Don’t cut down all your trees! This wisdom is echoed by Jonathan Geurts at the Jefferson Conservation District who emphasizes that unless a tree is endangering a future structure or is a safety hazard, leave it. Some may come back. I didn’t see many that come back on Laurel’s vista – but still we are instructed not to give up hope. Those that have no needles at all or have brown needles are dead. If there is any green, they may revive. At this point, it’s debatable if any of ours whose needles are hanging on for dear life could be considered to be a shade of green. The needles are frozen from the blast, in a desperate slant away from the approaching fire, as they tried to escape their fate. I am willing to let them be and hope that some find the fortitude to come back.
As we stared off into the expanse off her deck, I asked Laurel how long it took her for everything to seem real. She responded, “Ten…” and in the seconds between her words, I thought, “ok, 10 months, ok, I can do that…” and she finished her sentence “…years.” I burst out in hysterical laughter. “Ah, that’s all? Just ten years? That’s not so bad.” Laurel has lived in her new house now longer than her first. Yet, like Andi O’Conor, at any minute she would trade the new for the old. She still doesn’t know where things go in the new house. She searches to no avail for the holographic drawers and cabinets that hold her lost treasures.
Laurel warns about the duration of time it will take to develop new routines. All routines were smashed when her house burned to the ground. So many of our routines we take for granted. We may consider ourselves to be free yet it’s the little routines that keep us grounded. The pop our drawer where my tooth brush and floss lived. Knowing the right setting on the stove to boil water. How my comforter felt up against my chin. All the essentials for starting the day properly in order to function in society. All that is gone.
Laurel then shares with me a journal she kept during the early days. She offers it gently knowing what it might bring up for me. She has written short prose exquisitely describing her experience. One in particular jumps out:
To heal is To overcome obstacles. To Climb Mt Kilimanjaro To sleep in your own home once again.
This last line is a killer. The grief rushes to the surface. I know it’s ok to cry – but I screamed and cried on the way over and it has tired me out. I save this cry for later.
Thank you Laurel for the gift of your time – and of your heart. You shared yourself completely and without hesitation. There is an instant camaraderie between those of use who have lost our homes due to fire – whether it’s 10 years, 19 months or 3 ½ weeks ago. With no hesitation, Laurel greeted me (a stranger until this moment) with a bear hug. Yesterday, a neighbor who I have never met let his tears come as he shared about his families embrace. There are such beautiful moments in the devastation. We are eternally bonded from our shared tragedy.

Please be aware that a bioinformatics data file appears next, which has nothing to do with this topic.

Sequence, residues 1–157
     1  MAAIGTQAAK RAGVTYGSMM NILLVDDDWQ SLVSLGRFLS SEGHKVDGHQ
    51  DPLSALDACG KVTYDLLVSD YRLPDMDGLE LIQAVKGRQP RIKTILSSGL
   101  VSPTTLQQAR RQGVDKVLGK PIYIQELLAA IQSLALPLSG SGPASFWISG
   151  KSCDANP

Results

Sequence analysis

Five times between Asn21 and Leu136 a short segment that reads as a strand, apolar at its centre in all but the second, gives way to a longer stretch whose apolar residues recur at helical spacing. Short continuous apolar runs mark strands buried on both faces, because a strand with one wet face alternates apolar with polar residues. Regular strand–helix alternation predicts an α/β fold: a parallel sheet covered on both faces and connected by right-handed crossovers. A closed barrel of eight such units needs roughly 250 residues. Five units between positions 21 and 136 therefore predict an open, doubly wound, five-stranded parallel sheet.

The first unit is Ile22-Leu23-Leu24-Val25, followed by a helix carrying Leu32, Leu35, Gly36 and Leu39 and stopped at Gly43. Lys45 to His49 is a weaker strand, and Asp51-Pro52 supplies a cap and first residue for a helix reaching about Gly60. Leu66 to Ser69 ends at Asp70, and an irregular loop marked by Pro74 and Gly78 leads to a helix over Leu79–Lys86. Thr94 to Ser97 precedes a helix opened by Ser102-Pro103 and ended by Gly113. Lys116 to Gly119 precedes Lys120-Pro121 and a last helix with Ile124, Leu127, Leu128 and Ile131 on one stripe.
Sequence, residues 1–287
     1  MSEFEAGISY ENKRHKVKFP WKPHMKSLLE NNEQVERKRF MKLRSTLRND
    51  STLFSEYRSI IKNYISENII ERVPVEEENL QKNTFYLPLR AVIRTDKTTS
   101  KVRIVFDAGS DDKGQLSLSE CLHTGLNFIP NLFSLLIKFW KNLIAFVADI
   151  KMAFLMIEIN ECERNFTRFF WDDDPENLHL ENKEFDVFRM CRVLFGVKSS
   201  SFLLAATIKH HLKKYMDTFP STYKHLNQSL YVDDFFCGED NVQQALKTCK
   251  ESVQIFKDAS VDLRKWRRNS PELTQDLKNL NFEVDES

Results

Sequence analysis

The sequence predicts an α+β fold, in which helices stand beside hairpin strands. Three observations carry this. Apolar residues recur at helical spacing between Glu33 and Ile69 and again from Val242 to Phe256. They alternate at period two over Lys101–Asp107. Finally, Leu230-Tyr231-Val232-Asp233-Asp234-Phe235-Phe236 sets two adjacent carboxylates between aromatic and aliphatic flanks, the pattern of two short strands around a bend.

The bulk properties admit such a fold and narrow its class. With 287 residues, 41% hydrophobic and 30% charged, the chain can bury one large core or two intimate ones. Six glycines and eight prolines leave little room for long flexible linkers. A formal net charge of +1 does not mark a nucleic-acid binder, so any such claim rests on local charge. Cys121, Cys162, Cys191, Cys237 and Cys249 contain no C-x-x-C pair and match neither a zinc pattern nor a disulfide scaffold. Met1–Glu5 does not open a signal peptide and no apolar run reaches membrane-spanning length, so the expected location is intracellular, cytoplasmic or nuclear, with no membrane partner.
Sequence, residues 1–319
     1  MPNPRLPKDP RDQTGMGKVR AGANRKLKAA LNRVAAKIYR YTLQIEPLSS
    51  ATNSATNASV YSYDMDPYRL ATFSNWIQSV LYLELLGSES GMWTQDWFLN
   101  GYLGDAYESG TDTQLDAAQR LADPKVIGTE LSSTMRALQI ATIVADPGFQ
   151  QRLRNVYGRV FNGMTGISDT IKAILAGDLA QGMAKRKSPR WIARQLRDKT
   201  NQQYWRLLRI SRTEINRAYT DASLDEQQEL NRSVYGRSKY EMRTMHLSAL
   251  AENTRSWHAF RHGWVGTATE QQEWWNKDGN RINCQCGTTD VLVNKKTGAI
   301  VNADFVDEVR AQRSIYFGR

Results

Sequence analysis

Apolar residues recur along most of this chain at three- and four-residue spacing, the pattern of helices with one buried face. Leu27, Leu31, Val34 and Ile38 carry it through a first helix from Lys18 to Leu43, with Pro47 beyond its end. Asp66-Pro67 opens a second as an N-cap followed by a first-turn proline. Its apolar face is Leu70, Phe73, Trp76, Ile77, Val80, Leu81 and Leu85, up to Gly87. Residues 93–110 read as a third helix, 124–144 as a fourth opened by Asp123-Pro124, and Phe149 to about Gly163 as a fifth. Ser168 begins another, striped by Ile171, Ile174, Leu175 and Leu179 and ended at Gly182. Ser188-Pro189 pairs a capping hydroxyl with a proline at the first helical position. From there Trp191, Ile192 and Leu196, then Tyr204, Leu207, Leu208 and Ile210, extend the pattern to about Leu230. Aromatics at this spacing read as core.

Fire changes everything; destroying all in its unpredictable path. And, fire can bond. I see the physical evidence of that in our rubble. I see it in our beautiful handmade front door with the antique stain glass lovingly crafted by Bill and Sandy Fifield. We found clumps of twisted glass embedded in our metal doormat. The elements have come together permanently. Now part of a collection of artifacts. They have been born again with a dark beauty of their own – scarred, mangled, gnarred, yet strong and fierce. There is synthesis from rage of the fire.
I have to assume that is happening to me too. Transformation is occurring. I do not yet know who I will be on the other side. I am in the proverbial hallway between what was and what will be. What will matter to me? How will I choose to spend my time once the vast amount of insurance paperwork is complete? What will my work be? What is my mission? The cloud of grief obscures what is to come. I realize I don’t have to know right now. I attempt to let myself hang out in the unknown. I hope to emerge like the glass and twisted metal that survived: changed, rich in character – and not ever the same.
I spoke to one of my clients yesterday who went through a recent bout with breast cancer. I asked how the experience changed her. Still new in her journey and just finished with radiation, she shared a new level of humility coupled with a lack of patience for B.S. – hers and others’. She laughed and said that she still gets caught up in the small stuff too. We talked about how this is the human condition. We probably won’t ever escape the human condition. Even after a life-altering event, we may still worry about our clogged pores up until we take our last breath. Yet, we are wizened by life’s tragedies – the near brushes with death and the depth of despair.
I choose this path of deepening wisdom. Although, I still reserved the right to bitch about my pores right up until the very end.